Sunday, July 1, 2012

Elkhorn 23k Warmup

Running has always been about addiction.  There’s nothing logical about hurling the body over rocks, hills, and dales to just say its been done.  Yet, I still do it.
I ran into Dave at Alive at Five.  I’ve always liked Dave’s running style, which is about keeping a steady pace.  I still tend to over thunder at the beginning, and I pay for it down the line.  He asked if I wanted to do the Elkhorn 23k course with him on Saturday.  I had a few plans that I had been juggling, but I realized that I needed to do this to get used to distances before doing the 50k in August.  So, I agree. He asks what time we should leave.  I suggest that we leave the Women’s mural at 5:00.  Yep, I get to discover that it is possible to encounter 4:20 without the influence of drugs, just to get ready to go run 23 klicks.
I decide not to pack music, which was greatly wise.  We get to the parking area, and head up the road toward the trailhead.  There is an amazing view alongside the road, with all the green fields and forest, along with a bunch of no hunting signs, which are all in green.  The sun is barely up, and things are nice and cool.  The upside of running super early is that there is plenty of cool weather, and one doesn’t get overheated.  There’s a good upslope to the road, but not enough to switch from running to power hiking.  We hit the trailhead, and see a bunch of ugly shotgun shells.  I know that shooting is allowed on federal lands, but it still seems a good place to pick up the brass (or plastic or steel).  Plus, it’s littering, in a bad place to litter.  Go find some ugly BLM land, and leave the forest alone.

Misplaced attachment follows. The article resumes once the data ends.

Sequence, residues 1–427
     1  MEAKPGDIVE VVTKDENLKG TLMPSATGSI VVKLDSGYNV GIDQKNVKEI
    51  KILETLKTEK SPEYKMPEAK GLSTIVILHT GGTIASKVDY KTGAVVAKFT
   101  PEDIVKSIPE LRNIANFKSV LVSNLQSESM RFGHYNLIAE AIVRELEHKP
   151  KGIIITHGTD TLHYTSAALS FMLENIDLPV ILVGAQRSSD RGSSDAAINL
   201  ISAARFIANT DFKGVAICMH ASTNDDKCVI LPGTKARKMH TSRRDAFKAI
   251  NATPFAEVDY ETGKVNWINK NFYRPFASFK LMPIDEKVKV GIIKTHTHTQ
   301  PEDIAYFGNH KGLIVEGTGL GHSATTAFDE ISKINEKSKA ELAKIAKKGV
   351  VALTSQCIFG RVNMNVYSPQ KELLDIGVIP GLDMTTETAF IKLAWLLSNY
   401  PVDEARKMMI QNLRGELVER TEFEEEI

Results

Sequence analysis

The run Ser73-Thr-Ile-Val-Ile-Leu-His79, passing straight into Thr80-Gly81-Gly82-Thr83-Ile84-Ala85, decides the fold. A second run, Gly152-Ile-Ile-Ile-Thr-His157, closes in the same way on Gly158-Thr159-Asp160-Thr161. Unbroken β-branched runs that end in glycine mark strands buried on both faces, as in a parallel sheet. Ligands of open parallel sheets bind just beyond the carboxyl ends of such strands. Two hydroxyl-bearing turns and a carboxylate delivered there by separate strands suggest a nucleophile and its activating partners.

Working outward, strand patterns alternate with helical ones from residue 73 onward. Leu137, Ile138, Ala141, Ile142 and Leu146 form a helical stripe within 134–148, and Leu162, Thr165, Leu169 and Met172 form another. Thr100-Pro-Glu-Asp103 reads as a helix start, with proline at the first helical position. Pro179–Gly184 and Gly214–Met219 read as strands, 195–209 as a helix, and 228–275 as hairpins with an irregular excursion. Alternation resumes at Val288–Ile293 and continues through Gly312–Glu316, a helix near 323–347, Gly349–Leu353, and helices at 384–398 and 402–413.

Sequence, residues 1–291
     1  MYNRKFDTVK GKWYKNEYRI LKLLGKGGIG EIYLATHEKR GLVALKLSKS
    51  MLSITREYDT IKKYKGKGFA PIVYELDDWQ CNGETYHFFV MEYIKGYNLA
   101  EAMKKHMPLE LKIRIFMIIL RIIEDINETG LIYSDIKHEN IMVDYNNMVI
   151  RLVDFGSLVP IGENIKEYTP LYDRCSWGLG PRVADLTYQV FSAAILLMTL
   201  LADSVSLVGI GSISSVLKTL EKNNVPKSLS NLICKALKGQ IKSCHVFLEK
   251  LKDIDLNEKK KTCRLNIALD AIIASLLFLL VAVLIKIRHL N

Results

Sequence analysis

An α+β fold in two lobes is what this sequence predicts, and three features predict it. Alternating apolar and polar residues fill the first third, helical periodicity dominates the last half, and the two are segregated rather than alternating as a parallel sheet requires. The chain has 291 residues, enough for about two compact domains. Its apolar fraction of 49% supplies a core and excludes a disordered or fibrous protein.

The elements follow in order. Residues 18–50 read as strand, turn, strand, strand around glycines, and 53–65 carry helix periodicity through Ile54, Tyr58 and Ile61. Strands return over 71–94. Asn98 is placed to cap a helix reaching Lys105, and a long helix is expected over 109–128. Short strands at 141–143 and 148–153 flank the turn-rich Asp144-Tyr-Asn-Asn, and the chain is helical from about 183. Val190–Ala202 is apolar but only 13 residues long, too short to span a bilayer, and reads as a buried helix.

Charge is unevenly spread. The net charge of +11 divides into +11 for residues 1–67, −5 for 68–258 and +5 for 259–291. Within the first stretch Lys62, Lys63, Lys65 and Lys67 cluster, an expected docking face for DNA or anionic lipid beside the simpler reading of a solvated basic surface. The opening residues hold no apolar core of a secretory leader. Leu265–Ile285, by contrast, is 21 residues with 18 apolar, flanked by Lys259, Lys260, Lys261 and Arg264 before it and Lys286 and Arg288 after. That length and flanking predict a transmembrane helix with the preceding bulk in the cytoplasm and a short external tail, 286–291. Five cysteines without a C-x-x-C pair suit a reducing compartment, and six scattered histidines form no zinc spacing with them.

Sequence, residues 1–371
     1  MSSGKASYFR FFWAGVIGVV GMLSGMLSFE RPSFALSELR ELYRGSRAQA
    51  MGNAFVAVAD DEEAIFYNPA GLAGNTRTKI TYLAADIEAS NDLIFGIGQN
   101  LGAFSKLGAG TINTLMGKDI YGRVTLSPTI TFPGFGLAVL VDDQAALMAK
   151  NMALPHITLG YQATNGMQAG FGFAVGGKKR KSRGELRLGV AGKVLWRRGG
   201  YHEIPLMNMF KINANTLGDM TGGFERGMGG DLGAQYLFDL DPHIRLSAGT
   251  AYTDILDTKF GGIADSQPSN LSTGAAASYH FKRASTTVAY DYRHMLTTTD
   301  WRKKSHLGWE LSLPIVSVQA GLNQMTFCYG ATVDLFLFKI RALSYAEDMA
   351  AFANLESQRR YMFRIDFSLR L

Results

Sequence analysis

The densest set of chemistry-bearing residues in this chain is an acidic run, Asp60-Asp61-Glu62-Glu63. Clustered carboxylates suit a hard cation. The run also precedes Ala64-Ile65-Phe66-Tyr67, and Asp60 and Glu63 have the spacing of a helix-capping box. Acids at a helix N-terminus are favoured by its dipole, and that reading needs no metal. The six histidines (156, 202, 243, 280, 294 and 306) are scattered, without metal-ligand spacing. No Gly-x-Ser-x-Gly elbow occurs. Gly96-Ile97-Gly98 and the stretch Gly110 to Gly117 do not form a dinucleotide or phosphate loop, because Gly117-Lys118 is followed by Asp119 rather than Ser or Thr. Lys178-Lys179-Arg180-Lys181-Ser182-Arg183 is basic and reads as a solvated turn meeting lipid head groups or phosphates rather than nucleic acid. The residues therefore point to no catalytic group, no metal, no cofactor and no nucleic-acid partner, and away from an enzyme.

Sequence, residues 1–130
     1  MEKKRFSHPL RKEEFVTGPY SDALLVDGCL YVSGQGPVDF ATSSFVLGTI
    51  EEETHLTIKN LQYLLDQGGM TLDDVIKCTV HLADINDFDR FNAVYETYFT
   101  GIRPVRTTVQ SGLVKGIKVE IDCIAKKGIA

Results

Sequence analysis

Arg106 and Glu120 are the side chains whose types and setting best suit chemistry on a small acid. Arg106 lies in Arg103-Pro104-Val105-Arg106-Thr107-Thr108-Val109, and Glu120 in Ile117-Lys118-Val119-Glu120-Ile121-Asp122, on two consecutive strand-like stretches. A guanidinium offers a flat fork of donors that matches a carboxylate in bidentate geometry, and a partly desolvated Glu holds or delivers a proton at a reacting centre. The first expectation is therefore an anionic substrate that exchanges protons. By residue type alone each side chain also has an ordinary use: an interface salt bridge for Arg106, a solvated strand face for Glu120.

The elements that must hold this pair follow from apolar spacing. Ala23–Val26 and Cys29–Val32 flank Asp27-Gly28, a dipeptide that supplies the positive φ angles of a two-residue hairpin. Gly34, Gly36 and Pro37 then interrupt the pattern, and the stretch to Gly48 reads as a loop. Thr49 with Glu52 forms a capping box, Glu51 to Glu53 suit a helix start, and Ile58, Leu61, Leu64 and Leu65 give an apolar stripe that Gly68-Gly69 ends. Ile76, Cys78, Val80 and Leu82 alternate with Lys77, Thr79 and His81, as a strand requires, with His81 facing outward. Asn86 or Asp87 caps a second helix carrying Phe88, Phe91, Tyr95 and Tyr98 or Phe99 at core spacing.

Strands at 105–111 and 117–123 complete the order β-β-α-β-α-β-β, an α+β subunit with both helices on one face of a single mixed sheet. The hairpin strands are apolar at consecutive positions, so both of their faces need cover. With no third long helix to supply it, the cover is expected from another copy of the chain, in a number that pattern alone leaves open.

We head up the mountain, I manage to get the shoes wet, running through a stream that took over the path.  There’s a strange combination of running and power hiking here, along with many places where there just isn’t good traction.  We get up to the Casey Meadows.
As we are moving from cairn to cairn, and figuring out how to move over a path (trail does not describe what we were on), I see a coyote running across the trail ahead, chasing something.  We stop for a moment, and watch the coyote run.  It’s the closest I’ve even been to one, and the first time that I’ve ever seen one while out running.  It’s a very cool experience.
From the meadows, we continue to head up toward the top of the mountain.  It’s great to have Dave, because he keeps me honest.  My natural tendency is to sprint and trudge, he keeps me at a goodly pace moving up the mountain.
We eventually reach the top, and I realize that I cannot see my place, but I could if I lived in the valley.  Yet, looking out over Casey meadows, and down, I realize how amazing it is to see an entire watershed and the amazing valleys formed by erosion and uplift over the millenia.  So, we head on back down the mountain.  Near the bottom, we run into a bunch of the running group, which is cool.  Once we hit the road, we end up thundering back to the vehicles.  We get done around 9:00, and have a whole day to find new challenges and adventures.

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